F# object type definitions can be class, struct, interface, enum, or delegate type definitions, corresponding to the definition forms found in C#. For example, here is a class with a constructor taking a name and age, and declaring two properties.

    /// A simple object type definition
    type Personname : string, age : int =
        member x.Name = name
        member x.Age = age

    F# supports asynchronous programming through asynchronous workflows. An asynchronous workflow is defined as a sequence of commands inside an async{ ... }, as in

    let asynctask = 
        async { let req = WebRequest.Createurl
                let! response = req.GetResponseAsync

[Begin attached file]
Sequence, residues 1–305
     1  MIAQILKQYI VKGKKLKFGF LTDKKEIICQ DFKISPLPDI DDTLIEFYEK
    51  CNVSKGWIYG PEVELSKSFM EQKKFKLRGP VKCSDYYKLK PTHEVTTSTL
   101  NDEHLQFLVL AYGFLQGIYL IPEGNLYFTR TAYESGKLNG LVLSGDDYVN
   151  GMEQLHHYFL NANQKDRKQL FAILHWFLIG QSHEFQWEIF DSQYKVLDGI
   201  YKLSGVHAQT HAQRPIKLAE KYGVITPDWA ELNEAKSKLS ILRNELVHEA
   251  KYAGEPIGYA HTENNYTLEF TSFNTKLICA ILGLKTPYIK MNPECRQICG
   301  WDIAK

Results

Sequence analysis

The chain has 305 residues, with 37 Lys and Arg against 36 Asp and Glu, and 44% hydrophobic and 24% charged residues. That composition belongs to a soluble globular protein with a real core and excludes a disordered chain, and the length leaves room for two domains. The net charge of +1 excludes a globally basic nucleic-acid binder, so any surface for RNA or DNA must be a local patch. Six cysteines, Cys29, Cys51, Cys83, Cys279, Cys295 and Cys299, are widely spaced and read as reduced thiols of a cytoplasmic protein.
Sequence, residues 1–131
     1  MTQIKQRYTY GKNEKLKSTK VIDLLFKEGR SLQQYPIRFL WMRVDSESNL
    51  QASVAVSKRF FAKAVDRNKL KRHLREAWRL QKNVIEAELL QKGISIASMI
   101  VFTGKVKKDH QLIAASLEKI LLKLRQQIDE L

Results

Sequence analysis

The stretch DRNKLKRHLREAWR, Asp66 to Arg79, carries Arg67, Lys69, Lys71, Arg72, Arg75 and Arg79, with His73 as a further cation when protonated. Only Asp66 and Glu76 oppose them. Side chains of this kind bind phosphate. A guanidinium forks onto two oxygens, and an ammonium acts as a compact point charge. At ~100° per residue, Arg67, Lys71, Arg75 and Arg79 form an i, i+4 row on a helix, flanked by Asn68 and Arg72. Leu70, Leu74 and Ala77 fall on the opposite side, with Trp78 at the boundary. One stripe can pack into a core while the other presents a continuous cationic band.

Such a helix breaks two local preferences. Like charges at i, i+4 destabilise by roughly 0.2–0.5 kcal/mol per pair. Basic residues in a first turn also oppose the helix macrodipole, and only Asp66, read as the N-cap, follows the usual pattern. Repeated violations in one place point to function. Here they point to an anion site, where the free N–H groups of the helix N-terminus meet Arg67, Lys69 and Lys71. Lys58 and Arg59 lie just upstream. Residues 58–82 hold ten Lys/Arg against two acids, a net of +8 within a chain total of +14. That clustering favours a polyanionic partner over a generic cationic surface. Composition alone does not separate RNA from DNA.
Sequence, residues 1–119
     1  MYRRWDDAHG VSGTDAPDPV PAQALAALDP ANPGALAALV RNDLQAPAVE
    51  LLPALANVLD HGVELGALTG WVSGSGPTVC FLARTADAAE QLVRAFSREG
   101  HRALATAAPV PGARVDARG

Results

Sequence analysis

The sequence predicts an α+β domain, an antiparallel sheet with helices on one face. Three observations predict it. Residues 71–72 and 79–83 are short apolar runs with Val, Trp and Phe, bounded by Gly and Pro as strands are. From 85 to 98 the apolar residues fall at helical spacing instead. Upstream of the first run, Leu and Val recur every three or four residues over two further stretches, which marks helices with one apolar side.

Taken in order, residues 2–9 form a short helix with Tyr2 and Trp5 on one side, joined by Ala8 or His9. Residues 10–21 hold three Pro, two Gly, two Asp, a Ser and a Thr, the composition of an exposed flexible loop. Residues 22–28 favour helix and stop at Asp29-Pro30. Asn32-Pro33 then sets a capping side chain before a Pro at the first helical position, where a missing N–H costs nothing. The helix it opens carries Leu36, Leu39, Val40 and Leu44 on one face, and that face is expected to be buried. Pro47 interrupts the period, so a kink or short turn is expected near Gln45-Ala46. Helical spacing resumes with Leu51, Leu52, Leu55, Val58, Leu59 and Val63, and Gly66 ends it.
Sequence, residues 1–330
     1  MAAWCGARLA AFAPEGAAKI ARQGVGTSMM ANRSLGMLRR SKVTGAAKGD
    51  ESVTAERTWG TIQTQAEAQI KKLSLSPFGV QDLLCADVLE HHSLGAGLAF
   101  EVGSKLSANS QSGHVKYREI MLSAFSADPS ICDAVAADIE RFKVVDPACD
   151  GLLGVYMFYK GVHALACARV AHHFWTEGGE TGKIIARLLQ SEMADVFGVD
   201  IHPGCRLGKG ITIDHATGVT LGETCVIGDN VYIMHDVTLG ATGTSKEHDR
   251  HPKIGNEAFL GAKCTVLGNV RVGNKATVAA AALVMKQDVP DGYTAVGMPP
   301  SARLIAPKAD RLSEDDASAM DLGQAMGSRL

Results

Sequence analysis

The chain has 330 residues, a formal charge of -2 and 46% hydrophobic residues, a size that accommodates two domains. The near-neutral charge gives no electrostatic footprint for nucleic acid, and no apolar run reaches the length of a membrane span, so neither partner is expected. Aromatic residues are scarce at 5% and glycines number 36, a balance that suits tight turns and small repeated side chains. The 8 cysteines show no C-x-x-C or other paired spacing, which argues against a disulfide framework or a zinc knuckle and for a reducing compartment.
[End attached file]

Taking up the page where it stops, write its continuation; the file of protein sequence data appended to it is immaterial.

use stream = response.GetResponseStream
                use streamreader = new System.IO.StreamReaderstream
                return streamreader.ReadToEnd }

    The let! indicates that the expression on the right getting the response should be done asynchronously but the flow should only continue when the result is available. In other words, from the point of view of the code block, it's as if getting the response is a blocking call, whereas from the point of view of the system, the thread won't be blocked and may be used to process other flows while the result needed for this one doesn't become available.

    The async block may be invoked using the Async.RunSynchronously function. Multiple async blocks can be executed in parallel using the Async.Parallel function that takes a list of async objects in the example, asynctask is an async object and creates another async object to run the tasks in the lists in parallel. The resultant object is invoked using Async.RunSynchronously. Inversion of control in F# follows this pattern.